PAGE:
In May 2016, Mr Marek Niechciał was appointed to the position of President of the Office of Competition and Consumer Protection (OCCP). In a number of public speeches, he has expressed an intention to increase detection of restrictive agreements. In this area, his main objective was to focus on hard-core restrictions, mostly cartels. During almost two years since his appointment, he has implemented some initiatives aimed at fulfilling declared objectives, for instance, the introduction of the whistle-blower system and publication of guidelines on how to submit a leniency application.2 Further, two dawn raids3 and two investigations into potential bid rigging4 initiated in 2017 prove that the OCCP is indeed attempting to increase detection of infringements of competition.
Polish antitrust enforcement has generally not developed substantially in 2017. However, it did see important legislative developments.
Since late June 2017, claiming damages for harm suffered as a result of a competition law infringement is supposed to be easier. The Antitrust Damages Directive has been finally transposed into Polish law, and the Polish Damages Act came into force on 27 June 2017. The objective of this Act is to facilitate the recovery of claims concerning legal presumptions, procedural facilitations and quantification of harm. The Act applies not only to cartel infringements but to all other infringements of competition law, including prohibited vertical agreements and abuse of a dominant position. Furthermore, it covers not only EU competition law infringements, but also infringements based solely on Polish competition law.
Another important development was the enactment of a new law aimed at limiting the use of contractual advantage and granting new powers to the OCCP. The Act on Countering Unfair Use of the Contractual Advantage in Trade of Agricultural and Food Product came into force on 12 July 2017. It lists examples of practices that may be considered as an unfair use of contractual advantage. Such practices pertain to agricultural and food products and include, inter alia, unjustified contract termination, a unilateral right to withdraw from a contract and the unjustified extension of a payment term. Pursuant to this Act, the OCCP has the power to initiate proceedings in such cases ex officio, and in cases of infringement it is entitled to impose a fine of up to 3 per cent of annual turnover.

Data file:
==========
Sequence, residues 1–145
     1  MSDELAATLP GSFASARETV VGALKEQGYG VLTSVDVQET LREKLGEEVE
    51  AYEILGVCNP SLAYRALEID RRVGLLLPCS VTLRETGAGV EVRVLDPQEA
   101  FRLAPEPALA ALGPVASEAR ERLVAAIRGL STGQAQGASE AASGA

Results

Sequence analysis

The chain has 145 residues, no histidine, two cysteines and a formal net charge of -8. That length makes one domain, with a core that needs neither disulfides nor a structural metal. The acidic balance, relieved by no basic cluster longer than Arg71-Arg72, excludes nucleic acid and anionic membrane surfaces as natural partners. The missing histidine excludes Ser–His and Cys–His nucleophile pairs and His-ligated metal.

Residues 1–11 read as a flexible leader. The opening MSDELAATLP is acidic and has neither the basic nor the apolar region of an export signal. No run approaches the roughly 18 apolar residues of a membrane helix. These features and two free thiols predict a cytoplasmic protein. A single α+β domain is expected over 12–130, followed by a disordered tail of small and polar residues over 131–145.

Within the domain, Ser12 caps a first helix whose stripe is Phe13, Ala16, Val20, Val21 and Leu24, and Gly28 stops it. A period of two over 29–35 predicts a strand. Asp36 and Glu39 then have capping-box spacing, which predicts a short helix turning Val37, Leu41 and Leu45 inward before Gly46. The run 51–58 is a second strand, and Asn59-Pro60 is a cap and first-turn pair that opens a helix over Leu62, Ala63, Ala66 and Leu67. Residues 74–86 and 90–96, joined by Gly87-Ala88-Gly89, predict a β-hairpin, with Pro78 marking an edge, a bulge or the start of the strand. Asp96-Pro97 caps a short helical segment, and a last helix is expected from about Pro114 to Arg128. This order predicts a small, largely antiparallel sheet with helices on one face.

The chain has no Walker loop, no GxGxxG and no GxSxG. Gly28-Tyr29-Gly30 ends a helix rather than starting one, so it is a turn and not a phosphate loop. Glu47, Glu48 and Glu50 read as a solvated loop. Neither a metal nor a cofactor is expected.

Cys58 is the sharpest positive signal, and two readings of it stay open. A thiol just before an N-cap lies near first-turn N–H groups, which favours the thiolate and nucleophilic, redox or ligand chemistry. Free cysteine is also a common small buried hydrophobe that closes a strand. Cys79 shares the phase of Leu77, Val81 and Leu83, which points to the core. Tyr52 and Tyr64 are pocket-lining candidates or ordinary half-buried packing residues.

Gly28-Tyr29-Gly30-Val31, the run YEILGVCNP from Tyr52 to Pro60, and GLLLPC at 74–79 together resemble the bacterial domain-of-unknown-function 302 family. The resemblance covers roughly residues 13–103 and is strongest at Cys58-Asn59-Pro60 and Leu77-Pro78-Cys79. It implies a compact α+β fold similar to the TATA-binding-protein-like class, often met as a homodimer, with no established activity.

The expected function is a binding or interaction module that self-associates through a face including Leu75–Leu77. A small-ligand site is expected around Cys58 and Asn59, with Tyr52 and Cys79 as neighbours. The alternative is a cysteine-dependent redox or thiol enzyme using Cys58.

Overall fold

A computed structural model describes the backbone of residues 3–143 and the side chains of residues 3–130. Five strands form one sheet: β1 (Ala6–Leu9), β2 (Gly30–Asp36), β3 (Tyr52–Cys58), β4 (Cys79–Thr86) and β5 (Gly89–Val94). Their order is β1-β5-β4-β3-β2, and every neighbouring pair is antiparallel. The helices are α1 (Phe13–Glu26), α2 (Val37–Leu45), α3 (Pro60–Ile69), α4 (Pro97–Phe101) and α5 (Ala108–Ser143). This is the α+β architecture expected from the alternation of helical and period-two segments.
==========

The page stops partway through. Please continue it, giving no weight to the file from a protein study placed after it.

i Enforcement agenda
In 2017, as in past years, the OCCP focused on consumer protection, in particular in the banking and telecommunications sectors. Antitrust enforcement remained rather undeveloped despite numerous declarations about intentions to intensify activities in this area. As regards merger review, the vast majority of cases were closed in Phase I, which resulted in a reduction in the average length of proceedings. At the same time, we saw an increase in complex merger cases decided in Phase II.
The President of the OCCP recently announced that it will be applying high fines, since the benefits from an infringement usually outweigh the amounts of fines imposed on infringers. Cartels and other restrictive agreements are expected to attract the close scrutiny of the authority. Surprisingly, the President of the OCCP has promised to closely investigate vertical arrangements, which in recent years have not ranked highly in the authority’s enforcement agenda. Mr Marek Niechciał explains that soft measures (i.e., written warnings sent to undertakings without instigating any proceedings) applied so far have not been effective; therefore, we may expect an increase in antimonopoly proceedings concerning vertical arrangements.